Boeing is fast approaching the halfway stage in the 787's flight-test programme, having recently achieved the important milestones of 1,000h in the air and the introduction of the second engine option in to the trial effort.
Meanwhile, General Electric says that an upgrade planned for introduction next year will deliver a 2% fuel burn saving and bring the 787's GEnx-1B performance in line with, or ahead of, the original target.
The 1,000h point was passed on 16 June, as the first of two GEnx-powered Dreamliners joined the four Rolls-Royce Trent 1000-powered 787s engaged in the flight-test programme. Boeing estimates that it is "about 40% through the test conditions" required to certificate the initial variant of the all-new jetliner. The programme is expected to eventually accumulate 3,100 flight hours.
"More work remains, but we are seeing excellent progress in flight test," says Scott Fancher, vice-president and general manager of the 787 programme. "We are making solid progress on the ground testing required on the flight-test fleet as well," he adds.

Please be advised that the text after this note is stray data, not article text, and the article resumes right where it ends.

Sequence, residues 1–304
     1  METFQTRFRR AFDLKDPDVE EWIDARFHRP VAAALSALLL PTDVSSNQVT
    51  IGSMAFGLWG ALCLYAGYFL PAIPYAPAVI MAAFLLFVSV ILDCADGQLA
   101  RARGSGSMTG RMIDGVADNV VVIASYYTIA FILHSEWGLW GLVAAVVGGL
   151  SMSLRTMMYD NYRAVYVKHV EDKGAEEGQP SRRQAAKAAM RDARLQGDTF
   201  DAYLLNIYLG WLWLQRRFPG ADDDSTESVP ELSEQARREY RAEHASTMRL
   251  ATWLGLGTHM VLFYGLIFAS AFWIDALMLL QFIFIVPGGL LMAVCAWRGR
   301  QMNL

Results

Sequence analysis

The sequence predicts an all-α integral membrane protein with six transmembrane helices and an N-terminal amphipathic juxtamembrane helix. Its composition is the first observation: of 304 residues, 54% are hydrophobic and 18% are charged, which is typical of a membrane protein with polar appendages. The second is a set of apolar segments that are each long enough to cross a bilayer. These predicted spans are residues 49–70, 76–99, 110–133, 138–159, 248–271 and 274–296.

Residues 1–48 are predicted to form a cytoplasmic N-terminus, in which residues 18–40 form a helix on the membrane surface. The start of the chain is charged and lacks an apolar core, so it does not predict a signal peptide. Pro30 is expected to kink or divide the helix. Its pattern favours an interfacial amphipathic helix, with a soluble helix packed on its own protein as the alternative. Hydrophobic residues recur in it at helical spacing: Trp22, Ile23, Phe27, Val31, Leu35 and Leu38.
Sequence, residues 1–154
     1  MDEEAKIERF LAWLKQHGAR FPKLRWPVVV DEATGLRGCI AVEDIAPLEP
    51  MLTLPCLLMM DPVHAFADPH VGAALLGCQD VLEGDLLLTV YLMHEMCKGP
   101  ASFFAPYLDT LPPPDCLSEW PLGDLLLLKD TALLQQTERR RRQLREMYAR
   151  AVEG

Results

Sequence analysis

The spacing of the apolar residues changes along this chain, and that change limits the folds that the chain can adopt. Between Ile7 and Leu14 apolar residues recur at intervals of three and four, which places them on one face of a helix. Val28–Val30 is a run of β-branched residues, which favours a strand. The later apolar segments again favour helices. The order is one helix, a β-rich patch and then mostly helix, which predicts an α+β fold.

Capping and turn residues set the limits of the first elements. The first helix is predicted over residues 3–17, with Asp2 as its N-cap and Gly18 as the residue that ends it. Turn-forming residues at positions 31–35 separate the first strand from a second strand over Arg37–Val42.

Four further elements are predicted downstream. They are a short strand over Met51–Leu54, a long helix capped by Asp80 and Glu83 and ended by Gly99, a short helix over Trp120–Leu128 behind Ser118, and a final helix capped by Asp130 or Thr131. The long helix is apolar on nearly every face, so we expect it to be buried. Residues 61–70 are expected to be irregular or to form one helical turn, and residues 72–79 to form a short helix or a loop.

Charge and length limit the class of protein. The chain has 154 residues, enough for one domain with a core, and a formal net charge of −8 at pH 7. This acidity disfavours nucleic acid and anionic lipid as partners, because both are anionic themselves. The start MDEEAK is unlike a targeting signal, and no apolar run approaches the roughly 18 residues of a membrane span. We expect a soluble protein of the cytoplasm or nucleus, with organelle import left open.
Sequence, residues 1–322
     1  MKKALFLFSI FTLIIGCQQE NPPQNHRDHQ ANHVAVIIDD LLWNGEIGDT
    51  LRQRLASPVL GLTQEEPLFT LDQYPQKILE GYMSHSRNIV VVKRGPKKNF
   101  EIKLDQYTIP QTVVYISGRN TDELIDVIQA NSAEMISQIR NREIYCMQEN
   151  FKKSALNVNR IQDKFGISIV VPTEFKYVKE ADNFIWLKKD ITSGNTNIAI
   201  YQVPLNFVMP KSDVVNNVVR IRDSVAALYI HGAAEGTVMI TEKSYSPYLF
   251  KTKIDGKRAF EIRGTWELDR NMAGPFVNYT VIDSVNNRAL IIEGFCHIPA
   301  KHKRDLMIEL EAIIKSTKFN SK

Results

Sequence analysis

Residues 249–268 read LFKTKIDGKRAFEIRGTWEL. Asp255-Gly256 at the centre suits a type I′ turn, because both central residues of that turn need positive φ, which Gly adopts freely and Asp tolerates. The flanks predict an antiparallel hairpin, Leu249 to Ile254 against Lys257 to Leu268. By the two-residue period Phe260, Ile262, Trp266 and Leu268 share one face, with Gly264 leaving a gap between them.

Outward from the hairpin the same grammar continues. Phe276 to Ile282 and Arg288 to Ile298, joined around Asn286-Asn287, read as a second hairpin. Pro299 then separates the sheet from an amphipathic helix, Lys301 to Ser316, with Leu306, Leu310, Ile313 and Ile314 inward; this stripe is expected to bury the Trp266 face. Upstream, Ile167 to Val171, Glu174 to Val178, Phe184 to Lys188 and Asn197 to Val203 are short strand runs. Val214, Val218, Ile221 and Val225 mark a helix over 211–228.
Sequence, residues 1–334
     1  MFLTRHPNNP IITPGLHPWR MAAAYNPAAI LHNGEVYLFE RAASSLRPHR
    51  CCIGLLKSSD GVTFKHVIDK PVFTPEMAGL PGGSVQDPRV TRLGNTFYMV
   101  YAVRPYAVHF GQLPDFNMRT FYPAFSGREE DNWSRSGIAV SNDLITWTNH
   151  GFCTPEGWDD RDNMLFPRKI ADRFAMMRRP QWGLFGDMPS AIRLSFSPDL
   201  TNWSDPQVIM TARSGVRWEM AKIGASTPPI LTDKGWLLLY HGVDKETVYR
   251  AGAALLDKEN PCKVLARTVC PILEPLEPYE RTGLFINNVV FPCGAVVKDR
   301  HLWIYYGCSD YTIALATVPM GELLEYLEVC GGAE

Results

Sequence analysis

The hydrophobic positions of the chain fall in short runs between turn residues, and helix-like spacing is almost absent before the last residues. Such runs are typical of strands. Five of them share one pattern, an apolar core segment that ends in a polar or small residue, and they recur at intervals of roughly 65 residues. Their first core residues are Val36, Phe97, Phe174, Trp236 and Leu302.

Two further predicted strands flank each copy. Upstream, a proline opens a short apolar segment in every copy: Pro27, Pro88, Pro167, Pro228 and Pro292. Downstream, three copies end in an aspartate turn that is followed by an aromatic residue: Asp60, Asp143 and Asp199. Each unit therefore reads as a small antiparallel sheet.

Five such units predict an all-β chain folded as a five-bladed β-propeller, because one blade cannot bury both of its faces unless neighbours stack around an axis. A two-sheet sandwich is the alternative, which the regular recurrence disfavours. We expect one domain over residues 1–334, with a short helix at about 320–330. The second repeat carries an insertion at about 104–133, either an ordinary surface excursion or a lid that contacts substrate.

GEnx general manager Tom Brisken says that the two-and-a-half-year programme delay allowed GE to reduce the shortfall in GEnx fuel burn from a reported 4% to "closer to 2%". This deficit will be addressed, and possibly beaten, with another upgrade package to be introduced in the third quarter of 2011.
Meanwhile, Brisken says that a full understanding of the airframe/engine performance and fuel burn of the GEnx-2B-powered Boeing 747-8 is about a "month or two" away. He declines to comment on suggestions from industry sources that the GEnx-2B is also 2-4% behind its fuel-burn target.